A: No. Hull shapes of different models vary significantly. But they all have in common a significant initial "V" that will push against the inside of the UHMW-covered rails, and a gradual flattening toward the stern that will rest on more of the surface of the UHMW. Even with round tube rails, or inward-slanted rails, the hull is only touching along a single line against the rail. In fact, very little of the hull is actually engaged with the rails, regardless of their shape, because hulls are rounded from front-to-back in addition to the complex shapes from the keel outward which includes 1 or more chines. We use 2x4 inch rectangular tubing because of its incredible strength and ability to handle the leveraged weight. In addition to the leveraged-length weight, PWC hulls impart a large amount of outward force as they are winched up into the rails. Our railings are unfazed by this force.

Q: How fast is the winch?
A: Our standard winch is made by WARN, the granddaddy of recreational winches. Click here to see the specifications. Line speed varies with the load-resistance (angle of the Rails and size of your PWC) and the number of wraps around the drum. 12-volt winches are not designed to be fast...but to be powerful enough to pull the necessary load. This model is typically used for a 4-wheeler that gets stuck in mud or behind a log. Faster winches are available, but at a significant increase in cost. These Warn winches will easily handle full size 3-seater PWC's.

Q: How easy is it to tilt my Rails up and down?
A: Because of the angle of the gas-shock lift-arm to the Rails, it allows the weight of the Rails to rest firmly on your swim platform when unloaded (the "push" is mostly parallel to the Rails). With just a little bit of one-handed lifting effort, it tilts the Rails up to the upright position where the lift arm will safely hold them in an upright position when you are using your swim platform. The Heavy Duty Rails require more lift, but still an easy task for one-person. You can order a second lift arm if you are getting Heavy Duty Rails (see the order form). In the upright position, the "push" of the lift-arm is at an angle to the Rails, so they are held securely in place. To lower them, you just push them down. As they move away from the upright position, they will reach the point at which the lift arm gas shocks will not have enough leverage to hold them up, so you support them as you lower to the loading position resting on the aft-end of your swim platform. The lift-arm effect is similar to the back door of a min-van or SUV.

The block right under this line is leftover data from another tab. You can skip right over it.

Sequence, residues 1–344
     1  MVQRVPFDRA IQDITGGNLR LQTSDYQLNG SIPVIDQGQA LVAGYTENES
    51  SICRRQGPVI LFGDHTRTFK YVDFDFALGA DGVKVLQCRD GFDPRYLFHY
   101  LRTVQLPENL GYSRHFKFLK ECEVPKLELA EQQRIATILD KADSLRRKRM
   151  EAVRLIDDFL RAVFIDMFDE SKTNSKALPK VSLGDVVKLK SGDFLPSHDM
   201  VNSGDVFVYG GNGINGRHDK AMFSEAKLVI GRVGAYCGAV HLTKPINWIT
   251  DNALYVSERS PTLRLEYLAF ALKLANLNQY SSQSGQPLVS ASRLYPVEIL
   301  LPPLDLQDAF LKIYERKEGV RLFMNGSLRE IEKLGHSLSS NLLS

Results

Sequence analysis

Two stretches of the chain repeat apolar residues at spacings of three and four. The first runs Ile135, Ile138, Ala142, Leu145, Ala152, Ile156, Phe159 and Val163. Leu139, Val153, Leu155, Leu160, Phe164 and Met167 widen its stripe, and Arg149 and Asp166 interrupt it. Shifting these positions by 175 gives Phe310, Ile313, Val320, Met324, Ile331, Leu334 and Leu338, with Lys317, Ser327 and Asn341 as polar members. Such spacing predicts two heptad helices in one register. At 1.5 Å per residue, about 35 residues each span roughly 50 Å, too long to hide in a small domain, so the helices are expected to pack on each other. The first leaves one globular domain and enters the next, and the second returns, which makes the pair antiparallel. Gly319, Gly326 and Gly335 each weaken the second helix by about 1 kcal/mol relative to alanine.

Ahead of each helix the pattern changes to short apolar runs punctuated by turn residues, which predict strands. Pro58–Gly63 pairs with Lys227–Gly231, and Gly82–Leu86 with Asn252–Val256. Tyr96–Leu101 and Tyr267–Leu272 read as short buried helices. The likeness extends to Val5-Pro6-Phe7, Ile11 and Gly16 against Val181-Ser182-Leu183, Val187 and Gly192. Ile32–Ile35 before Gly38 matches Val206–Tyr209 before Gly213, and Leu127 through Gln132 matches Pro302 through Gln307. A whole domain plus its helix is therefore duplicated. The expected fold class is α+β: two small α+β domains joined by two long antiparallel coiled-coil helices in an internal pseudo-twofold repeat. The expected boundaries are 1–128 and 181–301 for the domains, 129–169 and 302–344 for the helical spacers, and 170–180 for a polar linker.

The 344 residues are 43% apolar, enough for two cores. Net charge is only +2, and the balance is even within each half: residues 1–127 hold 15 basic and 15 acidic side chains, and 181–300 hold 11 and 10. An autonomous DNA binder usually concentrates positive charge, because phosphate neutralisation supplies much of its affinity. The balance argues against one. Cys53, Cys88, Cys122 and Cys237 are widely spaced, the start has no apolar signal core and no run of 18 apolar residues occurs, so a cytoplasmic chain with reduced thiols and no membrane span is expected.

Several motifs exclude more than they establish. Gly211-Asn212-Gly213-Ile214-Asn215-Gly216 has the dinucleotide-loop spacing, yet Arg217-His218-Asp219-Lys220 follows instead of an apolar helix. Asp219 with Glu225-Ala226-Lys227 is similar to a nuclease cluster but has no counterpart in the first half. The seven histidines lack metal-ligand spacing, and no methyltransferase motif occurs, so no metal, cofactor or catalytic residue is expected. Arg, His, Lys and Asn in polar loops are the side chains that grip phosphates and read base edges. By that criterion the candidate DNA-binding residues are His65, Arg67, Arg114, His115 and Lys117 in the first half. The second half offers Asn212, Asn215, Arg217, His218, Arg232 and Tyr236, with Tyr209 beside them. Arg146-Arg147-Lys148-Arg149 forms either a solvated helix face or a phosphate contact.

Q: When my Rails are Tilted-Up, will they reach my upper deck?
A: Most upper decks extend to the end of the rear deck, but not over the swim platform, so the Rails won't reach the upper deck. Additionally, since the Rails are mounted down a step or two, that gives additional clearance. The Rails are 87 inches long to the beginning of the loading angle, and 103 inches overall. With this configuration, they will not touch the upper deck of most houseboats. But even if they do, and that stops them from going to a full upright position, that is OK as the lift arm will hold them as high as they can go. They will still be out of the way and give you a fully-open swim platform.

Q: Do I need to use a Safety Tether?
A: Yes. There are two kinds of tethering that we STRONGLY recommend:

1) As pictured here, when tilted up, wrap the winch line around the cross member to prevent unintended lowering the Rails.

2) When your PWC is loaded and winched up, we recommend that you add a secondary tether that connects your PWC to the frame or the railing of your houseboat. Then, relax the tension on the winch so that the majority of tension is on the tether. This can be a small rope or a chain-and-hook bolted to the frame. Because of the variables, we do not include a safety tether, but you definitely will want one. Click here to see how to make a simple Loop-Tether

Q: After I place an order, how fast can I get my PWC Rails?
A: We try to keep an inventory so we can ship immediately. But this depends on the current flow of orders. Please ask about the timing based on the current orders.

Q: What are the terms of payment?
A: We ship upon receipt of the payment. If we don't have inventory to ship immediately, you can place the order without payment (unless custom work is needed) and we will let you know when to send the payment. We prefer checks, but will accept Visa, Mastercard or Discover with a 3% additional service fee..

Q: What is the shipping cost and method?
A: The complete Rail Kits are shipped from Dayton Ohio, 45342. You can arrange to pick them up here if you wish.

The packaging of our standard 8-Foot Rails is 103x18x10 inches and 100 pounds. We have a special discount arrangement with a freight consolidator who ships these large packages for $150 per Rail within the Continental USA. .

Note: It cannot be shipped to a residentially-zoned address because it exceeds the 70-pound residential limit. So you will need to provide a commercially-zoned address. Many customers have us ship directly to their marina.

If you are outside the Continental USA, we can get an exact shipping quote when you confirm the quantity you want.

If you are ordering the 12-Foot Rails, please ask about shipping.

Q: Do you provide installation?
A: We don't have installers on staff, but if you are not comfortable with self-installation, we will help you find someone at your marina who will do it for you. Most marina workers are comfortable with a drill and 12-volt wiring. You can read full installation instructions here.

Ask if there are any coupon discounts available in June!

If you have any other questions about our PWC Rails, please don’t hesitate to ask. You can call me directly at 1-937-384-0003 (Eastern USA), or send us an email.

Links

Click here to see more pictures of our Tilt-Up Rails

Click here to see Fabrication and Welding Details

Click here to see Installation Instructions

Click here to read the FAQ's

Click here to see Loading and Unloading Instructions

Extra Long Rails for High-Deck Mounting Applications

Click here to see Prices and Ordering

Click here to review the Options